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When pregnancy loss happens, people often feel alone — but unfortunately, it’s an all-too-common occurrence. In fact, about 15 percent of confirmed pregnancies end in loss.
If you’re planning to have a baby soon, you may have concerns about getting a COVID-19 vaccine. Here are five myths you may have heard about – and the research-based facts that debunk them.
Female sexual dysfunction is more common than diabetes. But even though sexuality is important to most women over the majority of their lifetime, many women are uncomfortable discussing sexual dysfunction issues with their health care providers.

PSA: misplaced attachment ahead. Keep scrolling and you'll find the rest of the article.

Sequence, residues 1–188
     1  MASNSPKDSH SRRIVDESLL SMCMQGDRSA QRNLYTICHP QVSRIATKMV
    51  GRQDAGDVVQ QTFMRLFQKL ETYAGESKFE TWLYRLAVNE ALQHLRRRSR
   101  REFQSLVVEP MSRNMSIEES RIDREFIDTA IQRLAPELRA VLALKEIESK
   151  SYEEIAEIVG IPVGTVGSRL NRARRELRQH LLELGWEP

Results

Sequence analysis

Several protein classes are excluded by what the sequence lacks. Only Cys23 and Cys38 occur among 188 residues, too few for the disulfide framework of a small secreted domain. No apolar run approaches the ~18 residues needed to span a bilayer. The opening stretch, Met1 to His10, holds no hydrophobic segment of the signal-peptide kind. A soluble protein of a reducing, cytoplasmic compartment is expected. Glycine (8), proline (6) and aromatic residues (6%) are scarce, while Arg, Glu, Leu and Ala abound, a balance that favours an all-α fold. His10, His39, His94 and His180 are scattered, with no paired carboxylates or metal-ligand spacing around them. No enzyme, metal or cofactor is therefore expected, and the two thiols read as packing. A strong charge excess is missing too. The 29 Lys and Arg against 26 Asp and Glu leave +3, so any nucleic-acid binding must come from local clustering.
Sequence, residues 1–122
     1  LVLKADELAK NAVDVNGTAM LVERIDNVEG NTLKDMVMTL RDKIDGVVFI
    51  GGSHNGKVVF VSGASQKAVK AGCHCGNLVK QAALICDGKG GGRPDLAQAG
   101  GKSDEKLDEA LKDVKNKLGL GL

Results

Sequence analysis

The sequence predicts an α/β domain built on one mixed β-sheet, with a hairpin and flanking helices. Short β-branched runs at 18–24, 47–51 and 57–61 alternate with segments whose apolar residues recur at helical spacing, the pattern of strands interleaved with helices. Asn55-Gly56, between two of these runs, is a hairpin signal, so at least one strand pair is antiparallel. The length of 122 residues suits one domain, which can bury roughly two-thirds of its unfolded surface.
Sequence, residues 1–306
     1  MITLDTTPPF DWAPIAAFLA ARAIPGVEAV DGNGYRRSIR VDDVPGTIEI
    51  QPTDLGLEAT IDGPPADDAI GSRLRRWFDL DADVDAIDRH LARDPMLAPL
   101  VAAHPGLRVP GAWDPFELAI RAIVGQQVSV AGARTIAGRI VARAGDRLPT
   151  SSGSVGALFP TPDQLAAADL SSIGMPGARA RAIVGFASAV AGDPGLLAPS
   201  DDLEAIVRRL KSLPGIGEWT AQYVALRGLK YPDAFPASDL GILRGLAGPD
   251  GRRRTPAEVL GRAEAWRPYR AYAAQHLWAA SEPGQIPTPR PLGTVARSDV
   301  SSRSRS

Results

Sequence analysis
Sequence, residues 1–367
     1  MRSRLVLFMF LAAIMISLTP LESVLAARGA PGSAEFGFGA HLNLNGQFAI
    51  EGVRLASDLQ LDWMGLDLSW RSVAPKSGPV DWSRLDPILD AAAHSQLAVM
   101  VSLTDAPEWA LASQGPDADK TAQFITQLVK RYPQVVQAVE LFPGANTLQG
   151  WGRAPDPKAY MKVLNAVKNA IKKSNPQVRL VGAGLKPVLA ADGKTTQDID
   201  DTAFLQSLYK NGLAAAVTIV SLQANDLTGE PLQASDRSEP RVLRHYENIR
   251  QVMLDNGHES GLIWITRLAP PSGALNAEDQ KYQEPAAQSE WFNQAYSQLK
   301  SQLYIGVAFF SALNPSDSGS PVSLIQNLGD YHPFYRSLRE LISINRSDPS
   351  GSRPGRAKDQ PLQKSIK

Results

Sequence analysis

Having an appointment to make sure you are at your physical and emotional best helps you take better care of your baby and enjoy this pivotal time in both your lives.
Virtual visits have been around for years. You may have taken advantage of them with your primary care provider or your child’s pediatrician. But the recent coronavirus pandemic has made the service even more common than you’re probably used to.
Pelvic floor disorders are common – about one-quarter of American women have one or more pelvic floor disorders. If you have symptoms of a pelvic floor disorder, here are three strategies for getting ahead of the problem.
Postpartum depression differs from the baby blues in that the symptoms are more severe and last longer. This type of depression affects around 13 percent of moms.
There are no symptoms for osteoporosis until something breaks. If osteoporosis is so dangerous, so common, and so silent, how can we know if we have it?